The power of myth, Schmitt declares, is not there in the modern bourgeoisie, with their anxiety over money and property, ruined by skepticism, relativism and parliamentarianism. The endless discussion centered in parliament cannot be the driver of myth. The bourgeoisie ideal is the peaceful agreement, the prosperous business arrangement that benefits all. In the end, it becomes a monstrosity of cowardly intellectualism.
I want to pause here to reflect on current phenomenon of mass immigration. In a place like Canada, for example, the country has been turned into a multi-cultural technocracy where immigrants come from all over the globe to take advantage of the economic opportunities. The conspiracy minded might, having read Schmitt this far, begin to wonder whether or not mass immigration and the multi-cultural society is an attempt to destroy the mythos of the people? Or, in the case of Canada, to ensure that it is aborted before ever being born and thus never has a chance to take root and flourish, thus removing the primary threat to the power of the regime. I think it is time to see mass immigration, not primarily as an attack against the working class, although it is that, but rather as an assault on the mythic core of the people, thus sapping their strength to revolt.
Sorel was at heart a Marxist, but one who criticized other Marxists for their lack of violent impulses. He argued that battle and war are the true impulse of the intensive life. The class war must be more than a symbolic battle, it must be real. Schmitt puts forward that it is myth that gives courage for the final battle.
For Schmitt, there is no greater danger to the people than professional politics and politicians. Parliamentary democracy saps the energy and focus of the people. They get tied up in the business of parliament, wearing down their enthusiasm, killing their instincts for decision. Drawing on Juan Denoso Cortes, Schmitt explains that a day of decision is coming in which there is a radical rejection of the present order, a day of sovereign declaration. Every rationalist interpretation of the situation falsifies the immediacy of life. Our current system and its inherent rationalism is sucking the life out of our society, robbing it of its vitality.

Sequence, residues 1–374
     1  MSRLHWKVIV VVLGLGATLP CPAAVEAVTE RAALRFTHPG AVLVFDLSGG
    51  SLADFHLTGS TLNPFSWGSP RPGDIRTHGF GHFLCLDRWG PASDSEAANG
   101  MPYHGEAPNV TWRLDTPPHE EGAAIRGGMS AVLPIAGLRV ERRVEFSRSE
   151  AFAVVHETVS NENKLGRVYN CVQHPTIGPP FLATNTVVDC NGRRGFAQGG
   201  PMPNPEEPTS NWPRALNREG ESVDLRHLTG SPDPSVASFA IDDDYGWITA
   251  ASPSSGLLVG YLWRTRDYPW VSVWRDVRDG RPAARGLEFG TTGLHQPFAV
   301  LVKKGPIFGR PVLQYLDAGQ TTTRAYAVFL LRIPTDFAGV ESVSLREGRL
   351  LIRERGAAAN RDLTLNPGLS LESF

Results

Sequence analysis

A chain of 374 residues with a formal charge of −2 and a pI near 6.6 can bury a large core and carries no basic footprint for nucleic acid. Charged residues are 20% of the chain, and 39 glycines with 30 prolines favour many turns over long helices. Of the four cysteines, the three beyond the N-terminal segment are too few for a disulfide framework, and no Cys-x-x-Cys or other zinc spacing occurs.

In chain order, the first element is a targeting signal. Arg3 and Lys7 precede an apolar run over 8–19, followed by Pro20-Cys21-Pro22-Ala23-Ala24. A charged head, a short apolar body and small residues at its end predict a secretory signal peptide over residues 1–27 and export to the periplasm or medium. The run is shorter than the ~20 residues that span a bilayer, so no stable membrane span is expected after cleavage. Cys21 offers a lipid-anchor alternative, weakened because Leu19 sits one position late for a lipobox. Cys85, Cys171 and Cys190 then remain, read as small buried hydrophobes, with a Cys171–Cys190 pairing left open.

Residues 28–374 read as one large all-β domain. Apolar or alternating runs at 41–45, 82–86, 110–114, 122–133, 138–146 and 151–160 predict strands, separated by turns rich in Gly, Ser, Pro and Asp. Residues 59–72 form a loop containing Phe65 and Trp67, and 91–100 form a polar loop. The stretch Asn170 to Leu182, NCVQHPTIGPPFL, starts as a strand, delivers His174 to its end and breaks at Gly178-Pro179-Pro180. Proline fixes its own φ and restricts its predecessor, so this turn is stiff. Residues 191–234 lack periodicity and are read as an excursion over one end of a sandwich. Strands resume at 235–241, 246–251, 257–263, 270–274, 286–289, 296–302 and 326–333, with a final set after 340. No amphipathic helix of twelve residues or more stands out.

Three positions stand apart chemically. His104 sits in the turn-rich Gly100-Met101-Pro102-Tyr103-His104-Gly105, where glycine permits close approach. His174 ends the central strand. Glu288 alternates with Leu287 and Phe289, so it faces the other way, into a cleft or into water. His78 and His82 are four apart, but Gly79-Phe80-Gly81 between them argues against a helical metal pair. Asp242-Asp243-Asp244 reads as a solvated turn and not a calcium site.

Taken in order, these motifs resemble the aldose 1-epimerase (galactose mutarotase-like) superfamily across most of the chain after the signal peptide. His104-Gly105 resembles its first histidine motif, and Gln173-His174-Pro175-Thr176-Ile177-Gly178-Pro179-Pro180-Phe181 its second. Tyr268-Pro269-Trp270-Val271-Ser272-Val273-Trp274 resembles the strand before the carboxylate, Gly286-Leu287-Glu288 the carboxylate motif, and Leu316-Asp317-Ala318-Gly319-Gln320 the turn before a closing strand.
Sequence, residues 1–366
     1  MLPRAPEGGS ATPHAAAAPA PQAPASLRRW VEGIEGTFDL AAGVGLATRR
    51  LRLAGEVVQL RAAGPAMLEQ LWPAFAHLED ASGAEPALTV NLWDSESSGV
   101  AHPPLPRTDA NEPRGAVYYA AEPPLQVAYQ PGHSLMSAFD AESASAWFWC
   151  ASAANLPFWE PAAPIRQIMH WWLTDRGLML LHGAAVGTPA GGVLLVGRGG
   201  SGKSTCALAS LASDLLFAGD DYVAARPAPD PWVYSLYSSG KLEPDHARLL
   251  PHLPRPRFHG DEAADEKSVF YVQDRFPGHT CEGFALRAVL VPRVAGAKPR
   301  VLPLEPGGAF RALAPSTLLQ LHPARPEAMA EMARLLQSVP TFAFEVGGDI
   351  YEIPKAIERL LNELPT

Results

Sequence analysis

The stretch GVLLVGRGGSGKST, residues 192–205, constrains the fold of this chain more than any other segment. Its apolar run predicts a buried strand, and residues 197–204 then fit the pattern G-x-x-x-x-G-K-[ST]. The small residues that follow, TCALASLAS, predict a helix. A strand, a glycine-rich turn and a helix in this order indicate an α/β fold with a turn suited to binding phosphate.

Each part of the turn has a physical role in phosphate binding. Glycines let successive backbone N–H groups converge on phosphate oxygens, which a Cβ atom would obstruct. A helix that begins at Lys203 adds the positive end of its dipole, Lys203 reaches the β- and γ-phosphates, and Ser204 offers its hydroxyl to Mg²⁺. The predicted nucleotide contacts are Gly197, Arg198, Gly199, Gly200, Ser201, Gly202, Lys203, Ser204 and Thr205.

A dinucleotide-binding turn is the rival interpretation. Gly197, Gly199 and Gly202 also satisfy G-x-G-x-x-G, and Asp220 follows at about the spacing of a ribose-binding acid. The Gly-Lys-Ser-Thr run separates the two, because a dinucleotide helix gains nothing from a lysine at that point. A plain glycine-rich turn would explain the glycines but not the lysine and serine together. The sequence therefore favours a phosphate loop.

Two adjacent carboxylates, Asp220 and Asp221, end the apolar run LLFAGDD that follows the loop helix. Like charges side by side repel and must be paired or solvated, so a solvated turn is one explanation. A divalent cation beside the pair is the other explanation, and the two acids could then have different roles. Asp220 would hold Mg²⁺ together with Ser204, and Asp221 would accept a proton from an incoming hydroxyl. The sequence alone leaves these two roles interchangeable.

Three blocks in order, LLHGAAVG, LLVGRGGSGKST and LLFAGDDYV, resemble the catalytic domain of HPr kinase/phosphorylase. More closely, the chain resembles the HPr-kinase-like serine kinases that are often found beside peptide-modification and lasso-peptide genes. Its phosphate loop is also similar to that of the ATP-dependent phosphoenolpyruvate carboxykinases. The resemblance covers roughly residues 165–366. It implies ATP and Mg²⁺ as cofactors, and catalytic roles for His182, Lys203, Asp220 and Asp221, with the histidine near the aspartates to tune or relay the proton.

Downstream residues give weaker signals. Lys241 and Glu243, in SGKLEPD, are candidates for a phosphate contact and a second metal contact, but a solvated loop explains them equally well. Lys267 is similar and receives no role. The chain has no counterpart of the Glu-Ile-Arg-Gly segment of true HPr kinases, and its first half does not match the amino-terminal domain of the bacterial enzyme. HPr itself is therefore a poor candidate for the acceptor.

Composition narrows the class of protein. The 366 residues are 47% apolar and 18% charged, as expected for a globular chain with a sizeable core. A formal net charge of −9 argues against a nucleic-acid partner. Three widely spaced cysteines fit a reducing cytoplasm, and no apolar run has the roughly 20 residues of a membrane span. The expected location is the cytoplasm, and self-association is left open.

In confronting the situation of the rational technocracy of socialist liberalism, the only force that has the strength to challenge the power of the state is violence. From Sorel:
“Rather in the place of the mechanically concentrated power of the bourgeois state there appears a creative proletarian force — ‘violence’ appears in place of power.”
This, argues Sorel, is the only way to break the hold that the current techno-rationalist regime has on power. Trying to work within the system for change means putting aside your most potent weapon:
“For the proletariat, the only danger is that it might lose its weapons through parliamentary democracy and allow itself to be paralyzed.”
While seeing the value in Sorel’s argument for direct action, for Schmitt the most powerful driver of the kinds of myth powerful enough to ignite a people are those of nation, not class. Culture in Schmitt’s mind is more powerful a driver than economics. In fact, worrying about one’s economic position will actually make you less likely to challenge the regime, more likely to submit and be ruled by the technocratic educational dictatorship. He puts it this way:
“The more naturalistic conceptions of race and descent, the apparently more typical terrisme of the Celtic and romance peoples, the speech, tradition, and consciousness of a shared cultural education, the awareness of belonging to a community with a common fate or destiny, a sensibility of being different from other nations—all that trends toward a national rather than a class consciousness today.”
He declares that when nation and class collide, the national myth prevails.
“The theory of myth is the most powerful symptom of the decline of the relative rationalism of parliamentary thought.”
Finally, Schmitt argues that as the power of myth grows within a people to counter the rationalism of parliamentary democracy or the rationalism of technocratic socialism, that myth leads to an authority based on order, discipline and hierarchy.
Parliamentarianism can no longer simply content itself in asking the question in the face of its problems: if not parliamentary democracy, then what? The answer cannot simply be more discussion, more voting, more bureaucracy. There has to be another answer. Schmitt points to decisive action arising out of myth as expressed in violent action as the way forward.